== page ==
Lightsail Lives, Solar Impulse Takes Off, and Google Announces All Sorts Of Things | Vol. 2 / No. 31

The Planetary Society's Lightsail-1; Photo: The Planetary Society
The Planetary Society’s Lightsail-1; Photo: The Planetary Society

Lightsail Lives!

Earlier this week everyone started biting their fingernails as a software glitch aboard the Planetary Society’s Lightsail-1 solar sail test craft, successfully launched on May 20, caused the citizen-science satellite to stop responding to commands. The glitch meant that, when a certain .csv file on board reached 32mb, it could crash the OS. They had tried to reboot it at least eighteen times, but in the end were left hoping that interaction with charged particles in the atmosphere would cause it to reboot itself. And lucky us: today we received word that it did, in fact, do just that! Bill Nye, “Science Guy” and CEO of the Planetary Society, explained in a press release that they have a software patch ready to go, and will upload it and deploy the sail as soon as they’re confident that the little craft is in the right orbit. Check out the Planetary Society for more on the story as it develops.

Solar Impulse 2 begins its long haul; Photo: © Solar Impulse | Pizzolante
Solar Impulse 2 begins its long haul; Photo: © Solar Impulse | Pizzolante

Six Days

The Solar Impulse 2 has taken off on the most challenging leg of its round-the-world trip: a six-day, day-and-night nonstop flight from Nanjing to Hawaii. For the pilot, Andre Borschberg, it sounds like it’s going to be a hell of a trip. He’ll be stuck in the same seat for the whole thing — though apparently it leans back so he can get twenty minutes of sleep at a stretch. According to an article over at the Guardian, the plane will store up as much power as it can during the days, and discharge it gradually overnight, such that by sunrise its batteries should be down to 5-10% capacity. That’s not a lot of margin for error, so every pound counts. According to his twitter feed, he’ll have 2.5 kilograms (5 1/2 pounds) of food and 3.5 litres (roughly 7 1/2 US pints) of water per day aboard the ultra-lightweight aircraft, which will also be holding onto a parachute and inflatable life-raft in case 5% is enough of a margin for error. It’s going to be incredibly mentally taxing, even for Borschberg, who flew a previous version of the craft for over twenty-four hours back in 2010. As Gizmodo puts it, “If Borschberg exits the craft later this week with his sanity, we’ll know he’s more machine than man.” Check out the Guardian, Gizmodo, and the Solar Impulse website for more on the story.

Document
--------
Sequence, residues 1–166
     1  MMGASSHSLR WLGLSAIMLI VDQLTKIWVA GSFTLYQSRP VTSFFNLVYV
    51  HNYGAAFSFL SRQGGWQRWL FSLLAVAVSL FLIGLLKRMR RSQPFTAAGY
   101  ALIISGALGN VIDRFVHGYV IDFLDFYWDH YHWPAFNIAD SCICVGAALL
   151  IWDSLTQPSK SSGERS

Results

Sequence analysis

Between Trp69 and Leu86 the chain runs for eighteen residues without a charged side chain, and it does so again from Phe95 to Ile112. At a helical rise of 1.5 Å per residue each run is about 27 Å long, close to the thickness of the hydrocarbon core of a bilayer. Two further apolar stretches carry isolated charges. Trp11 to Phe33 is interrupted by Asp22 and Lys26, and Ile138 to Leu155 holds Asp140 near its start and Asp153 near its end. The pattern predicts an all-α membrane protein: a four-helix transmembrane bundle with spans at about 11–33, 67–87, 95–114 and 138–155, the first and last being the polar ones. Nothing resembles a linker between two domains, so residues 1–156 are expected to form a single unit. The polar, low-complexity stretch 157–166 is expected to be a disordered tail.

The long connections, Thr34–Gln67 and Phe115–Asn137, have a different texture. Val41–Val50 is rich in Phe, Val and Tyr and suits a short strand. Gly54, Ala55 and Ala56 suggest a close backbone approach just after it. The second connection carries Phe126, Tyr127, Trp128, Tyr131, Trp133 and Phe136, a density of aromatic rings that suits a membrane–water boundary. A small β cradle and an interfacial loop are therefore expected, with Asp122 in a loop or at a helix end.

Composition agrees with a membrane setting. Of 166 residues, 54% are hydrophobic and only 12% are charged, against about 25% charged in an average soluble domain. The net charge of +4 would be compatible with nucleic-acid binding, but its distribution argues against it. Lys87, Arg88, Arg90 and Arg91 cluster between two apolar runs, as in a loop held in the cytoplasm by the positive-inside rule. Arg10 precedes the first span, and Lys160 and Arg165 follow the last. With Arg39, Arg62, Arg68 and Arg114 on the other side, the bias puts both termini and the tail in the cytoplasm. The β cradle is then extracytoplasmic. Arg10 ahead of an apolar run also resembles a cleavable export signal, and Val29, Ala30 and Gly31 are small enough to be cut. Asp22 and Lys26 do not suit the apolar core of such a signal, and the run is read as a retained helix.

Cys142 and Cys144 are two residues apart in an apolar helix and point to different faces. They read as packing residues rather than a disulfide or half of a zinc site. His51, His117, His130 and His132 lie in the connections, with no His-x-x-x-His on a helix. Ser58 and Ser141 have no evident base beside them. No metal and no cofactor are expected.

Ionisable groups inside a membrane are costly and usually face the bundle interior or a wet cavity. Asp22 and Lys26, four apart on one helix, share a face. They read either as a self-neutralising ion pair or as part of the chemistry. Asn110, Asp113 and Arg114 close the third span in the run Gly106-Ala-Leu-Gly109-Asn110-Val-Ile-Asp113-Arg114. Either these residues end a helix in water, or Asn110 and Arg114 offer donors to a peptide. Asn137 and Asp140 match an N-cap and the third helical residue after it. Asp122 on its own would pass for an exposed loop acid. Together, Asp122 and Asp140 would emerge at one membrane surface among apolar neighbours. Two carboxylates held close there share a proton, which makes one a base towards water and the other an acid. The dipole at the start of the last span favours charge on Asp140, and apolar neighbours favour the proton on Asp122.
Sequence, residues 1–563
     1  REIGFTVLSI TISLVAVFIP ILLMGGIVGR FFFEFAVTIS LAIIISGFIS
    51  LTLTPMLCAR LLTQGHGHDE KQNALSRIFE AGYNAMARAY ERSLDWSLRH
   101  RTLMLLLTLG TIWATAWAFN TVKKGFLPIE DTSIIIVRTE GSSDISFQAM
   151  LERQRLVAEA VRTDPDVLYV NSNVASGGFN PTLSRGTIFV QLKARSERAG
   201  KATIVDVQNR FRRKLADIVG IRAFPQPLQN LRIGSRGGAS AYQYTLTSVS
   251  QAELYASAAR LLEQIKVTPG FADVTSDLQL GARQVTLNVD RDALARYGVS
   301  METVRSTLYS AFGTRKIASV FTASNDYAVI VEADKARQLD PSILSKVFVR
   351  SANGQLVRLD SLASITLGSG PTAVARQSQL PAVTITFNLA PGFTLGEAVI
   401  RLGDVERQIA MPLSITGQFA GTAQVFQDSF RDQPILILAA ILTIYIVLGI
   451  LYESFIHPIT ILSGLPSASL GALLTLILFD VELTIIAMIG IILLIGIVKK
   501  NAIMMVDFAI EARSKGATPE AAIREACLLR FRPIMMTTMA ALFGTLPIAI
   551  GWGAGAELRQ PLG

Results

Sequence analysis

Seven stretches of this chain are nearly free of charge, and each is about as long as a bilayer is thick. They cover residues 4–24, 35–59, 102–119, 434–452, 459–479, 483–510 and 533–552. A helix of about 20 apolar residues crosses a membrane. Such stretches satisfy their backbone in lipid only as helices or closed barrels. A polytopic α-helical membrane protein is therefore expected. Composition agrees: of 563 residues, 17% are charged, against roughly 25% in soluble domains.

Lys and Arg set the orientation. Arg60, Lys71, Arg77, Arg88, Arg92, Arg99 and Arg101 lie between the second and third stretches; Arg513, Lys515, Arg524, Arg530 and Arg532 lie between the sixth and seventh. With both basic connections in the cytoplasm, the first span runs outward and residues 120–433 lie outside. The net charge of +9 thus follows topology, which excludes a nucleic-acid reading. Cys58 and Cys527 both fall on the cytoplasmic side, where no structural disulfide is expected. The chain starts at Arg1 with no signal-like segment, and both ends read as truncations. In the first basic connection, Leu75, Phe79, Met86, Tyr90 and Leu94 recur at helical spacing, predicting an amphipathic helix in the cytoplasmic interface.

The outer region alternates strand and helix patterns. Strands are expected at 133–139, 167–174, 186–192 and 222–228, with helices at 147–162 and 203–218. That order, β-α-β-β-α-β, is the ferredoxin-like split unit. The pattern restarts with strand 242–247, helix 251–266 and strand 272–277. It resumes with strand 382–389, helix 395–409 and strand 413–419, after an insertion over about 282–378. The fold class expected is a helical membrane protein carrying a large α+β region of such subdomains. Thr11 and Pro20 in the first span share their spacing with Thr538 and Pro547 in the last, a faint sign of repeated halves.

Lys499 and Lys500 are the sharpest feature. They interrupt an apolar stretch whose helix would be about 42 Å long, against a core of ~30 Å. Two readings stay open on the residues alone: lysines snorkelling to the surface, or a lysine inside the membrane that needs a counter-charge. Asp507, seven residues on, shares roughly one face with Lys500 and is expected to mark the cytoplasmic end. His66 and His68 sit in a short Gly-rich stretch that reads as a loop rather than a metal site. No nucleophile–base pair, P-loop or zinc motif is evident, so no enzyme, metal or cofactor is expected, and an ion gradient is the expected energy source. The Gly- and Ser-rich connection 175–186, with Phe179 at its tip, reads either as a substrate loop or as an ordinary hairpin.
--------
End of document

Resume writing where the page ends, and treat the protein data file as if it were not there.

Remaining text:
And in case you’re wondering, yes, the captain’s chair/bed also does triple duty as a toilet.

Photo: Flickr user Robert Scoble, CC BY 2.0
Photo: Flickr user Robert Scoble, CC BY 2.0

Google I/O

The annual “Google I/O” took place this week, and thankfully a lot of tech journalists went and sat through the whole thing so you and I didn’t have to. TechCrunch has an “Everything You Need to Know From Today’s Google I/O Keynote” post that covers the highs and lows in 25 slides, Android Central boils it down to “The 10 Most Important Things,” and if you like your info in podcast format, might I recommend Wired podcast Gadget Lab’s coverage of the event. The more interesting point from my perspective is that Android M is coming, and it’s bringing a lot of small but positive changes with it, like asking for app permissions one at a time as they’re required, not all at once when you install. A big deal was made about Android Pay, HBO Go coming to Android, and coming USB-C support and fingerprint recognition, but even I saw those coming from a mile off. Less expected was the announcement of Project Vault, which puts a host of encryption and security tools into the form factor of a microSD card, and will hopefully lead to more secure digital communications when it’s done. Check out the links above, as well as these two from TechCrunch and CNet on Project Vault for more.

InSight, Photo: NASA/JPL-Caltech/Lockheed Martin
InSight, Photo: NASA/JPL-Caltech/Lockheed Martin


This week, Gizmodo posted a series of photos of a mission I’d forgotten about: NASA’s InSight mission to Mars. Originally named GEMS, the Geophysical Monitoring Station, it was renamed InSight (Interior Exploration using Seismic Investigations, Geodesy and Heat Transport) in 2012. It’s a stationary lander, and its host of instruments — including a seismometer, a five-meter-deep surface heat transfer probe, a doppler-shift radio measuring instrument to track planetary “wobble,” and a pair of sophisticated cameras — is designed to learn all about what’s going on under the surface of the red planet. It’s set to launch and land in March and September of next year, too, so while we’re still busy fawning over the latest and greatest data that will be gathered this year about Ceres and Pluto — which will probably go on for years, if we’re being honest — InSight will be quietly bringing us more data about our little red neighbour. For more, check out Gizmodo and the InSight mission’s website at NASA.

Best of the Rest

There were a lot of little stories this week, too:

And before you go, check out this link to a crazy-cool black hole visualizer. You can even choose where you want to look as you orbit, face forward, or stare into the unending abyss — your choice!

That’s all for today. Don’t forget to follow me on Facebook and Twitter, and have a great week.